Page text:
Nettle harvest

I decided to grow my nettles high and try processing them for fibre again this year. I have left this a little later than ideal, but so much about my knowledge of processing nettle fibre is imperfect I decided to just give it a try and worry about fine detail at some future point when I have more understanding and more experience!  Here we have my harvest, with leaves:


And after the leaves have been stripped.  The leaves went to friends who were enthusiastic about nettle soup.  I am sorry to say I don’t like the flavour of nettles.  I wish I did, they are full of minerals and I have plenty of them!  I love the idea of eating them but not the reality.  I will just have to stick to eating dandelion, prickly lettuce and milk thistle to keep my weeds down.


While I was pulling the nettles and weeding out the soursobs and burr medic and grass, the chickens kept me company and enjoyed the fruits (and earwigs) of my labours.  If this was a podcast, I would have been only too delighted to record their excited voices.  And when I found these, I had some excitement of my own!  In fact, I went in and made a potato and silverbeet (and endive, milk thistle, chicory, parsley) soup to share with my friends the nettle lovers.


The nettles are much bigger than the previous harvest.  So much so there was no chance I could rett them in a bucket, even my biggest one.  In the end, they went into the wheelbarrow, the biggest receptacle I could find other than my bathtub!  To be continued…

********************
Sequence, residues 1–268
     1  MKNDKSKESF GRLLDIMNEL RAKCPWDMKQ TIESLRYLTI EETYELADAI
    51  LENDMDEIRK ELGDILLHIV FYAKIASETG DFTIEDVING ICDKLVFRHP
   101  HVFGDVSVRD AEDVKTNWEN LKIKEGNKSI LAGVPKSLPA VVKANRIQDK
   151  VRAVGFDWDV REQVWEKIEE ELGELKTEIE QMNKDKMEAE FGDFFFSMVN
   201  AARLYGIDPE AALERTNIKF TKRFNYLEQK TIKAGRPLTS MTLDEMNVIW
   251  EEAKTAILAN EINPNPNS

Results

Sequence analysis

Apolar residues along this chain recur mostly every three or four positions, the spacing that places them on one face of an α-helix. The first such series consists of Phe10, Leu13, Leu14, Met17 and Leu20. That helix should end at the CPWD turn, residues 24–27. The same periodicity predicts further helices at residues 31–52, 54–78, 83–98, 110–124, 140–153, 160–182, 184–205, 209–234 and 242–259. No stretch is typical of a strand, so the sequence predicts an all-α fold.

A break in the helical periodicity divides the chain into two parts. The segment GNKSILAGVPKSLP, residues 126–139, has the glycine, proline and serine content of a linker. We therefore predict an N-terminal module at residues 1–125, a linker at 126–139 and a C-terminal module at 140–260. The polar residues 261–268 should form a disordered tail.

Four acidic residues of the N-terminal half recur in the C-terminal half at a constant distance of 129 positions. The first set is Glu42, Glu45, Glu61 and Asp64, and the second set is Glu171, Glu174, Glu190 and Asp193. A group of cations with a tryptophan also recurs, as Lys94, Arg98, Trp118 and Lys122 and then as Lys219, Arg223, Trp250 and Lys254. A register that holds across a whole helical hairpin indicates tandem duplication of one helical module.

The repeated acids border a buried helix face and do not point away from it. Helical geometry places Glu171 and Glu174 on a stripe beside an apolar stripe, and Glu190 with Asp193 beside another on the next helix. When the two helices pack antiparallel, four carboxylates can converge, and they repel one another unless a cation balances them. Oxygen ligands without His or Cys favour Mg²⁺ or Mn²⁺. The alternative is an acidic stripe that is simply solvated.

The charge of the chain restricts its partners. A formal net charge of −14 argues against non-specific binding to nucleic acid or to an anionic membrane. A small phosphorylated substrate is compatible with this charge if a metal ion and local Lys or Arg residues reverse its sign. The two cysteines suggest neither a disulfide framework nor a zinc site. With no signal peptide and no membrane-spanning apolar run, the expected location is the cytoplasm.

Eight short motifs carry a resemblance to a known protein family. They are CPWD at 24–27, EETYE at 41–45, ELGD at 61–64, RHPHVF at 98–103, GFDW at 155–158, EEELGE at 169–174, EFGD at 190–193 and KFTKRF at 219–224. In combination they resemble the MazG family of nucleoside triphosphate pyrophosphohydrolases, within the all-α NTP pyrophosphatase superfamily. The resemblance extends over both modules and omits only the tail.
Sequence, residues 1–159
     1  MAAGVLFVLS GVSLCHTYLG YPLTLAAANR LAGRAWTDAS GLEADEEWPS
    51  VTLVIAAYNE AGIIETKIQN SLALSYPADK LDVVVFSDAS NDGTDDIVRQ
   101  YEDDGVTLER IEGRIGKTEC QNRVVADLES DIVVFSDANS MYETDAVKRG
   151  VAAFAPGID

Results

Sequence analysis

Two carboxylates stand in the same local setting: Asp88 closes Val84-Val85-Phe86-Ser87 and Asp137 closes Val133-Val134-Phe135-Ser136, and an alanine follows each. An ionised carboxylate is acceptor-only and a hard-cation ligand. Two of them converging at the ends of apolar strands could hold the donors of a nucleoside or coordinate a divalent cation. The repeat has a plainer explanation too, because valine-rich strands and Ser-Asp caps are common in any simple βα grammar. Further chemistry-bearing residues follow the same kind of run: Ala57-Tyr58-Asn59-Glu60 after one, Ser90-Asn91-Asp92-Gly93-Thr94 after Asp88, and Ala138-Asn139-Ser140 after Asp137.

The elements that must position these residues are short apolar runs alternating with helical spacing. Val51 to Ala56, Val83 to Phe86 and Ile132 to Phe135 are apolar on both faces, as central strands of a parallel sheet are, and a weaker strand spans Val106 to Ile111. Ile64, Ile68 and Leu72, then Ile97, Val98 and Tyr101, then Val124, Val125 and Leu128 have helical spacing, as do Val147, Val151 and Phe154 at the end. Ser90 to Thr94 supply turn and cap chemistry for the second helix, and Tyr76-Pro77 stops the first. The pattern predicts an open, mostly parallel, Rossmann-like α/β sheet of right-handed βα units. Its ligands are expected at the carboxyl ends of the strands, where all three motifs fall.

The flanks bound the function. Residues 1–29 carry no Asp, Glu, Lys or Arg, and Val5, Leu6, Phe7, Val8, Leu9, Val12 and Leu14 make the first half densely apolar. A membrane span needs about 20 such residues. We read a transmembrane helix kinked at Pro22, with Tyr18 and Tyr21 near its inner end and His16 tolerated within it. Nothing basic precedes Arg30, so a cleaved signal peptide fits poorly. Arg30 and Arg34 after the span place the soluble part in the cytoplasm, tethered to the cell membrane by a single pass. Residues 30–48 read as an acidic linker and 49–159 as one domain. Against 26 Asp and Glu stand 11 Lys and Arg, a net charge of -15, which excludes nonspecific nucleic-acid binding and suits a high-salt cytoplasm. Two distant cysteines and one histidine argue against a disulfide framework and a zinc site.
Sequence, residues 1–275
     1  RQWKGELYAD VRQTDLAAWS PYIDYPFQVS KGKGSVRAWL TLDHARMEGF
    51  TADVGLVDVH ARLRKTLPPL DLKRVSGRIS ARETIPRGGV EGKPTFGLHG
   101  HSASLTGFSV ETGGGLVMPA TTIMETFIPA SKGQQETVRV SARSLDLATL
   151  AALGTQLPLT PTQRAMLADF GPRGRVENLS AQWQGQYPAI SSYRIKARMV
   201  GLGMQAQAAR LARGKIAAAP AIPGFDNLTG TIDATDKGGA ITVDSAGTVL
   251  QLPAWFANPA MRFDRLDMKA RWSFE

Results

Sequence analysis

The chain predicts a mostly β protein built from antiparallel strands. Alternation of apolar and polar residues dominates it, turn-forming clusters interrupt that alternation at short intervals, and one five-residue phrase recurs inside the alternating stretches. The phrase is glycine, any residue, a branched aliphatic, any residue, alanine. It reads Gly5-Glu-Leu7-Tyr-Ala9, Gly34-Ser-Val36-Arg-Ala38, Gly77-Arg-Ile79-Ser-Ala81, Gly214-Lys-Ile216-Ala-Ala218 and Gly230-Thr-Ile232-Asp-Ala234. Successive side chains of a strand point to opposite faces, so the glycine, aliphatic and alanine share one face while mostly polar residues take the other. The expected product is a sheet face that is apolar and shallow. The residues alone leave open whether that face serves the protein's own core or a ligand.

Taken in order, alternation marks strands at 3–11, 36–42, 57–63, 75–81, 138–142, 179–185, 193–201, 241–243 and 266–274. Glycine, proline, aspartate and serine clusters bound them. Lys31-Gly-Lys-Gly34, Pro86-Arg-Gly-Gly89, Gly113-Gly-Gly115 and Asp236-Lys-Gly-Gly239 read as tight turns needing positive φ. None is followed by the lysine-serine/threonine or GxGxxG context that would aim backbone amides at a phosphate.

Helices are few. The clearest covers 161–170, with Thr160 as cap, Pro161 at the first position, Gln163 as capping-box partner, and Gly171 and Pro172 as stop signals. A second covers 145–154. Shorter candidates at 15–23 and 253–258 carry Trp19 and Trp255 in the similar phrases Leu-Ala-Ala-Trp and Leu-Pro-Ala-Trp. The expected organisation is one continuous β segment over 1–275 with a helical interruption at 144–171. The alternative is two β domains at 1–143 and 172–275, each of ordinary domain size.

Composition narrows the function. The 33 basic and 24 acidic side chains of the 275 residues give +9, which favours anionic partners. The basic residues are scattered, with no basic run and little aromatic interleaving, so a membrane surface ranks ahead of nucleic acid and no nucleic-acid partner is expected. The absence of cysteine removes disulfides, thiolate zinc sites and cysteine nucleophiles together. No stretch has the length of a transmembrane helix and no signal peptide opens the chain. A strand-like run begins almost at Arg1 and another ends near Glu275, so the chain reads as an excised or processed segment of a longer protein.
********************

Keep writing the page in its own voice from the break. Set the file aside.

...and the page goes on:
Filed under Fibre preparation

19 responses to “Nettle harvest

  1. Deb

    This is interesting. Are these the stinging type nettles that you are using?


  2. I would’ve gladly taken the nettle leaves off of your hands too! They are such a wonderful green for fighting allergies!
    I can’t wait to see your posts about processing the nettles into fiber…. !


  3. Pia

    I’m surprised you didn’t dye with the leaves! I thought about making nettle fibers, briefly, then decided I’ve got enough on my plate already. 😉 How long do you have to do without your wheelbarrow?


    • I should have thought of that 🙂 The wheelbarrow was out of action for 5 or 6 days but we managed ok!


      • Pia

        Ah, I thought they had to sit there for weeks or even months actually.


      • One year a long while back I tied a bundle and left them in the local creek tied to a couple of bricks. The whole lot rotted away when I wasn’t paying enough attention–like you, I thought it was a lengthy process. So it is possible to rett for too long! as I understand it, this stage is about releasing (rotting away) the outer layer covering the fibres themselves. The inner core of the plant stays intact and has to be separated from the fibres by a different process. Whether I have left the stems too long or not long enough–only time and experimentation will show, Pia!


      • Pia

        Well, I’¨ll be sure to follow your progress when you post! Who knows if we’ll have an apocralypse where such knowledge is useful barter, LOL.


      • There is a running joke about me being the person to stick with in the post apocalyptic period at our house, but I sure hope I’ll never need to make my own pants from nettles!!! I am still quite a few skills short of those needed and can’t picture the nettle harvest that would be required to make that much fibre either…


      • Pia

        And your last point is kinda why I gave up on it in advance. 😉


      • Understandable… apparently I am in the ‘curious minds want to know’ camp, even without brothers whose lives I need to save by spinning and weaving (surely)? knitting (wikipedia doesn’t fit with my recollection)? nettles into garments for them:… or an apocalypse!


      • Pia

        Oh, count me in that camp as well – unfortunately I do have to sleep now and again.


  4. I learn the most interesting things here…hopefully I can retain some of this knowledge for aforementioned apocalypse!
    : )


  5. Pingback: So much for nettle fibre processing! | Local & Bespoke

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